A basic cotton T-shirt doesn’t seem quite so basic when you trace its journey.

Cotton 1. From the field
Every cotton T-shirt starts life in a cotton field, most likely in China, India or the United States. It takes anywhere from 700 to 2,000 gallons of water to produce about a pound of conventional cotton — enough for a single T-shirt. Cotton grown in the United States uses comparatively less water; however, about a third of a pound of chemical pesticides and fertilizers go into each pound of conventionally grown American cotton. (Photo: furiousgeorge81/Flickr)

Cotton2. To the gin
The harvested cotton bolls are shipped to a gin, where the fluff is separated from the seeds and pressed into bales. The gin is usually located in the same country where the cotton was grown. Ginning mills produce very fine dust that poses a significant breathing hazard to workers without proper ventilation and protective gear. (Photo: Billums/Flickr)

Spinning factory3. To the spinner
From the gin, the bales of cotton fibers go to a spinning facility, where they’re carded, combed, blended and twisted into yarn. Most spinning factories are located in China and India. Some will go on to weave or knit the cotton into sheets, while others will move the spun yarn to another facility for weaving. (Photo: Unhindered by Talent/Flickr)

Loom4. To the loom
At a mill, huge machines knit or weave the cotton yarn into sheets of fabric, but the cloth is rough and grayish — not T-shirt worthy just yet. (Photo: amasc/Flickr)

Wet processing5. "Wet" processing
The gray cotton moves on for “wet” processing, where it’s treated with heat and chemicals to take on its final look and feel. In many Chinese textile mills, when dyes are rinsed off fabric the polluted wastewater ends up in local rivers, which change color according to the fashion of the season. Many dyes contain toxic chemicals which are hazardous to human health and the environment.

At the final stage of wet processing, fabric is “finished” in order to make it softer, cleaner, smoother or better able to take on coloring. To this end, the fabric is washed, scoured, bleached, rinsed and sometimes dipped in acid. All these finishing processes require the use of chemicals, heat and water, and produce contaminated wastewater. (Photo: Laura Kleinhenz)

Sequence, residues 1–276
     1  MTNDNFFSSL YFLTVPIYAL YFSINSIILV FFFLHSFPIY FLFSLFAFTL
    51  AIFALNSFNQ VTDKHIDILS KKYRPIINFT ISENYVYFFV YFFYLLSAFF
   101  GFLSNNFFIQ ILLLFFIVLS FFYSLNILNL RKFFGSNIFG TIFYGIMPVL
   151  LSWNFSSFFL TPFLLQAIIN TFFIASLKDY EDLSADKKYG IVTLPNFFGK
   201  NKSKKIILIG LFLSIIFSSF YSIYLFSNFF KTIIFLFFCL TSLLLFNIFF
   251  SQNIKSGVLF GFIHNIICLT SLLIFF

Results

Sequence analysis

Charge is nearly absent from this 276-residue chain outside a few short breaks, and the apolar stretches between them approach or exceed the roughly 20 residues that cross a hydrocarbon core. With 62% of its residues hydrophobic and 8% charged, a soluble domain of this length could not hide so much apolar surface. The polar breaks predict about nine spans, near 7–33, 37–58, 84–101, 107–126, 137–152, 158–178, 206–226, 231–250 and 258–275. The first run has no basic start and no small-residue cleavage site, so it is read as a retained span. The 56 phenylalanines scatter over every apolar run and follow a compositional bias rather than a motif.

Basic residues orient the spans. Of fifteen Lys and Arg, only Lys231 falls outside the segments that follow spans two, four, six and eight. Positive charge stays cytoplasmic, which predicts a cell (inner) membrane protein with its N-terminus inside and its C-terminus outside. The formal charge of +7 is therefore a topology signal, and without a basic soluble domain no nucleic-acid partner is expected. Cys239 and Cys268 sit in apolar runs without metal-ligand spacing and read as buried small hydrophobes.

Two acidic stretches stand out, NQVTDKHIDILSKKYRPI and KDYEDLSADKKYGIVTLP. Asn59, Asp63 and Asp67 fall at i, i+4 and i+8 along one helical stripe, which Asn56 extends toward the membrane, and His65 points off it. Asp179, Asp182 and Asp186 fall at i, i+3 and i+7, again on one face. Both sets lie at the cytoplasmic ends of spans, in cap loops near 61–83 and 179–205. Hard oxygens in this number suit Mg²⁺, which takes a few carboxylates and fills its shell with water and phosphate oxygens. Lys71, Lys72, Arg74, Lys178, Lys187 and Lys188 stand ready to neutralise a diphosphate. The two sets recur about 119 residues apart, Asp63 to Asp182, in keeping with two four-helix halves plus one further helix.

Garment factory6. To the garment factory
The finished cloth is sent (probably from somewhere in Asia) to a designer or directly to a garment factory (probably in Mexico) to be cut and stitched into a T-shirt. About 12 to 15 percent of the fabric will end up as scraps on the cutting room floor, depending on how the pattern is laid out. (Photo: themikebot/Flickr)

To the clothing company and the store7. To the clothing company and the store

The finished T-shirt makes its way from the garment factory to a brand name clothing company or to a trading company and from there — on the last leg of its multinational journey — the shirt is neatly stacked on a shelf at your local department store, clothing store, big box retailer or factory outlet. Yours for just $9.99. (Photo: moe in berlin/Flickr)

As is obvious, there are many opportunities for improvement throughout a T-shirt's pre-consumer life (for just two better examples, see "Checkout Counter: Organic Cotton and Tencel"). Consumers — as well as retailers big and small — can use their dollars to vote for a more responsible clothing industry, from field to store. China is a major producer of U.S. clothing and the focus of NRDC's Clean by Design collaboration with textile manufacturers, design labels and retailers, which works to reduce pollution by improving the factory environment.  Finally, when you're out shopping, look for for the GOTS label (see "Green Fashion: Beautiful on the Inside") and to get to know your fibers with our "Guide to Greener Fibers."

This article was reprinted with permission from SimpleSteps.org.